Dynapack USA of Clovis, California, will showcase its most popular 4WD chassis dynamometer, the DAQ42, at PRI 2020, in addition to the 2WD systems that can later be expanded to 4WD. The unique modular design couples directly to the vehicle’s wheel hubs and applies a precise hydraulic load. Benefits include a compact footprint and improved safety—since there are no tires to blow or slip off a roller. A 2WD system can be equipped to handle around 1,500 horsepower, while the top AWD system is rated over 3,000 horsepower. The systems are designed to start testing as soon as two hours after arriving at the shop, and standard power outlets are used. All systems include computer, controller, dual Lambda meters, dual EGT inputs, and OBDII data logging.
The Slurry Blaster from Giant Finishing in Addison, Illinois, is available in two options: GSB3630 and GSB4836. The numbers represent the size of the cabinet (36x30 and 48x36, respectively). Slurry-blasted finishes are known for consistency and saving time, in addition to their smooth and attractive surface texture. Additional work such as painting or plating are typically made much easier, too. A slurry blaster allows for finer media, so it can reach smaller, critical areas. Also, slurry doesn’t generate dust like other media, so it’s much more environmentally friendly. One of the more unique features of the GSB series is the electric wiper blade on the inside of the window to provide the operator a clearer view of the work.
The Multimatic 235 from Miller Electric in Appleton, Wisconsin, epitomizes the trend toward multi-process welding. It is a MIG, stick and DC TIG welder that will be available by the end of the year, and can be ordered in multiple configurations. The Multimatic 235 is well suited for the motorsports market—for people who do not need to TIG weld aluminum but want a robust welding machine that can handle material needs all the way up to the ground-pounding off-road industry. It is versatile, mobile, and easy for beginners to use with the Auto-Set Elite feature, and it boasts an improved welding arc with an inverter engine. The portability of the machine is enhanced with the ability to remove the machine from its running gear for placement under a weld bench; or throw it in the race trailer for use at the track.
Prototype engineers often find that the GlobalMAX abrasive waterjet from OMAX eliminates the need for secondary machining. This certainly helps speed up production. The unit can cut almost any material from composites to aluminum, along with plastics and foam. Like all waterjets, the GlobalMAX allows for weld-ready parts right off the machine—as there are no zones affected by heat.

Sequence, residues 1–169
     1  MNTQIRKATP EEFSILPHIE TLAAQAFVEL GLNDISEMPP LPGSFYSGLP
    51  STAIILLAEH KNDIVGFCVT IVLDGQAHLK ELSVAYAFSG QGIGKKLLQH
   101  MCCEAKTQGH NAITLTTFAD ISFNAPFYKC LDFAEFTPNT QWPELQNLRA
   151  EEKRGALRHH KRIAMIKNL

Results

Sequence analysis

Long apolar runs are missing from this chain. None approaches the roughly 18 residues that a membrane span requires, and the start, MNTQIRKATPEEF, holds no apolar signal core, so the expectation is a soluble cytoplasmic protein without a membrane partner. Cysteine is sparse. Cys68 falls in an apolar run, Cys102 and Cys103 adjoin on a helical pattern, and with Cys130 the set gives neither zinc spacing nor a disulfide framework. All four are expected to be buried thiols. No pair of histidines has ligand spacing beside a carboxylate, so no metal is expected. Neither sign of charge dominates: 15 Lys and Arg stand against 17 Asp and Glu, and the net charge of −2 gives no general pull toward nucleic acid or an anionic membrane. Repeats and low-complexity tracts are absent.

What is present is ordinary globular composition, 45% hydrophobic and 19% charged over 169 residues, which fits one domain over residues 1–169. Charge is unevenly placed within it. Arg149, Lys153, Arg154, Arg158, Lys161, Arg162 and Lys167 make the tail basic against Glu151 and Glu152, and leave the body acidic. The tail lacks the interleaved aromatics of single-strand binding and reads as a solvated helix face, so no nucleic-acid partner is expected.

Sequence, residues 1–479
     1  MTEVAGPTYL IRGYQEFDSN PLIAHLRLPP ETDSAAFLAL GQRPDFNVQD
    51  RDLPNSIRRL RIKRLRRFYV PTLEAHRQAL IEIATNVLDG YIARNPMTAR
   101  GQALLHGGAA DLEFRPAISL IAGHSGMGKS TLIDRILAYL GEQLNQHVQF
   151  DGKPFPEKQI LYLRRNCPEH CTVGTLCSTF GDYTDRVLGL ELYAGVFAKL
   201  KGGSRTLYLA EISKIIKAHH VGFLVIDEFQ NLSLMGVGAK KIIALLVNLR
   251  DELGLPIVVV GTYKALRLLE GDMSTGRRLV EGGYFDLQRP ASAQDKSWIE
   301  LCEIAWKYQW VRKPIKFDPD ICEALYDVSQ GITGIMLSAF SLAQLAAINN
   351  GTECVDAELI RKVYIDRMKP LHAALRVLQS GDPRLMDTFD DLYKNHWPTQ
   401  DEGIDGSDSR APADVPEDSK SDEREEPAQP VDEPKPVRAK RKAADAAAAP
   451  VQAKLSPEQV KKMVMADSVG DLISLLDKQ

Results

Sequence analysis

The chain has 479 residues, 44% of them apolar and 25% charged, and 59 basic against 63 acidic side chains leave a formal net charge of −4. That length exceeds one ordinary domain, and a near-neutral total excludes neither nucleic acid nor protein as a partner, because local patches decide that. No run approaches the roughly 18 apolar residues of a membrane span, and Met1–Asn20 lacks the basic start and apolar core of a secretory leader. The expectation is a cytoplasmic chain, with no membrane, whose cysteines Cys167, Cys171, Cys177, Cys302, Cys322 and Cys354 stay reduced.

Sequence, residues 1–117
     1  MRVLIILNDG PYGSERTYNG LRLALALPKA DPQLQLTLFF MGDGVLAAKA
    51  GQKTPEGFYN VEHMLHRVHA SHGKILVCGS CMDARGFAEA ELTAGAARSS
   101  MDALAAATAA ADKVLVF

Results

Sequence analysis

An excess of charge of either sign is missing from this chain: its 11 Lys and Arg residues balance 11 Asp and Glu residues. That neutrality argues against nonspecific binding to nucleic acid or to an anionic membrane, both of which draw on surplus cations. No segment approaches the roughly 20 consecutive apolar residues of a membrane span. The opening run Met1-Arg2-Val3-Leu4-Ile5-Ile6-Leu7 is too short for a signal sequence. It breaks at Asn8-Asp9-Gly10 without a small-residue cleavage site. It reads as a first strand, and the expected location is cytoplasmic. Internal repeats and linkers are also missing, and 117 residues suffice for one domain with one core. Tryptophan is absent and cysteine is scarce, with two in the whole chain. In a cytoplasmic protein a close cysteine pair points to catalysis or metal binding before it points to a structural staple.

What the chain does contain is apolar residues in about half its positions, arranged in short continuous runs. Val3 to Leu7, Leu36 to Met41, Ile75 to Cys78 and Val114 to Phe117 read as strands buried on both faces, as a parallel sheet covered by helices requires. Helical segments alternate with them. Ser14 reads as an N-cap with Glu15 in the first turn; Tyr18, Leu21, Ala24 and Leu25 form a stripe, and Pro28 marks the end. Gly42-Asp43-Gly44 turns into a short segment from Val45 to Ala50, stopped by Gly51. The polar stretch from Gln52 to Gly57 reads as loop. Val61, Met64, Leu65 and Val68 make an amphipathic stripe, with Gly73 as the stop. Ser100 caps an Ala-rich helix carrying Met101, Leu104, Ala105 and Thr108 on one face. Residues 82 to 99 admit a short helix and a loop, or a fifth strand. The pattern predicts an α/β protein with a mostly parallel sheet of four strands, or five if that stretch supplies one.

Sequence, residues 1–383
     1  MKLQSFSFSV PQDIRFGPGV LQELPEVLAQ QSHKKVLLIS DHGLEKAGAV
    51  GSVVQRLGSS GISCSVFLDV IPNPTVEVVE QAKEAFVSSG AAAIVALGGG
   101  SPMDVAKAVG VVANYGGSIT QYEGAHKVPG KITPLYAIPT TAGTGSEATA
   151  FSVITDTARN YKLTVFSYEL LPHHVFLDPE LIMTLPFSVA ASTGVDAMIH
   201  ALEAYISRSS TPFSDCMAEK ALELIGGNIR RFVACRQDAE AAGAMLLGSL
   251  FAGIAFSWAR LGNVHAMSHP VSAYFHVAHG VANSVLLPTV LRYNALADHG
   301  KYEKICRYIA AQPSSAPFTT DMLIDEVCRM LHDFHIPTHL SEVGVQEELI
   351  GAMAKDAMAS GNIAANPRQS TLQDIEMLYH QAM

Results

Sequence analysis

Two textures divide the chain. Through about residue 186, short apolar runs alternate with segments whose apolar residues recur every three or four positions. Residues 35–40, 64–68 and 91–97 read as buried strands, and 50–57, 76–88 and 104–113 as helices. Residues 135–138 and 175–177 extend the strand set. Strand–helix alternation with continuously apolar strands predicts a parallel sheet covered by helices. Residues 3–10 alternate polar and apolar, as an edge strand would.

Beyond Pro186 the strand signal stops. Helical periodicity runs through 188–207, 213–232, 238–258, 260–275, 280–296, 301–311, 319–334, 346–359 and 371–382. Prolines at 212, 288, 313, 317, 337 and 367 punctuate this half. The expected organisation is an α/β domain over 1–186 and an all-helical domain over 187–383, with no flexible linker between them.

The Rottler EM69HP is a clear demonstration that as the performance industry evolves, there’s an increasing demand for more versatile machines. It provides engine builders and fabricators the most capability in one turn-key solution. It easily handles engine block remanufacturing, performance cylinder head porting, or custom part manufacturing. The Rottler EM69HP’s 4C control provides a cutting-edge platform that can modify, improve, create, or reverse engineer a product. Bottom line: It saves time and was engineered to improve production.
The SV-30 vertical honing machine from Sunnen in St. Louis, Missouri, is the latest generation from the Cylinder King line of machines. Shops can choose between models with a manual x-axis, or versions with step-and-repeat capability. This function allows automatic bore-to-bore processing, reduced setup time, and optimal bore quality. The SV-30 includes a new Phoenix industrial PC control with simplified menus and storage for 1000-plus setups to facilitate quick changeovers. The easy-to-use PC control ensures automatic, consistent bore-to-bore geometry and finish, without constant adjustment by the operator, so lesser-skilled operators can easily be trained to obtain excellent results. A wide range of Sunnen-made abrasives, tooling, and coolants are also available.
The TruTool N160 nibbler from Trumpf in Farmington, Connecticut, cuts contours and notches effortlessly on flat sheets of metal, helping race teams fabricate interior panels or other detailed components. The design allows for a clear view of the user’s cutting line while allowing fast and accurate working speed without sparks and corrosion to the material. The tool can cut flat, corrugated, and trapezoidal sheets with a depth of approximately 40 mm, and with an easy-to-retrofit extension it can cut even deeper profiles up to 60 mm. Users can choose between an electric or 10.8 V Li-Ion version of this tool.
Van Norman Machine India
The racing industry will get its first-ever look at the Robins SGH8 seat-cutting and guide-honing combo in the booth of Van Norman Machine India of Chandigarh, India. Operators can finish all guides of a cylinder head to within .0001-inch without the need for a skilled operator. It’s fully automated for hole-to-hole honing and features patented quick-change, spherical, spring-free tooling. It can handle cylinder heads up to 44 inches long. Numerous fixtures are available to ensure accurate and equal seat depth—even on canted-valve heads.
WELDING MATERIAL SALES
The all-new Blue Diamond BlueArc 140 MSI from Welding Material Sales in Geneva, Illinois, features LCD readouts for improved user visibility and control. Last year the machine was introduced at PRI, but with analog dials. This 22-pound unit requires 120 volts—making it an option for small repairs in the shop or trackside. It also features gas and gasless MIG welding capability, fits standard two- and 11-pound spools, and comes with a one-year warranty. An integrated MIG torch, ground clamp, and stinger are included as well.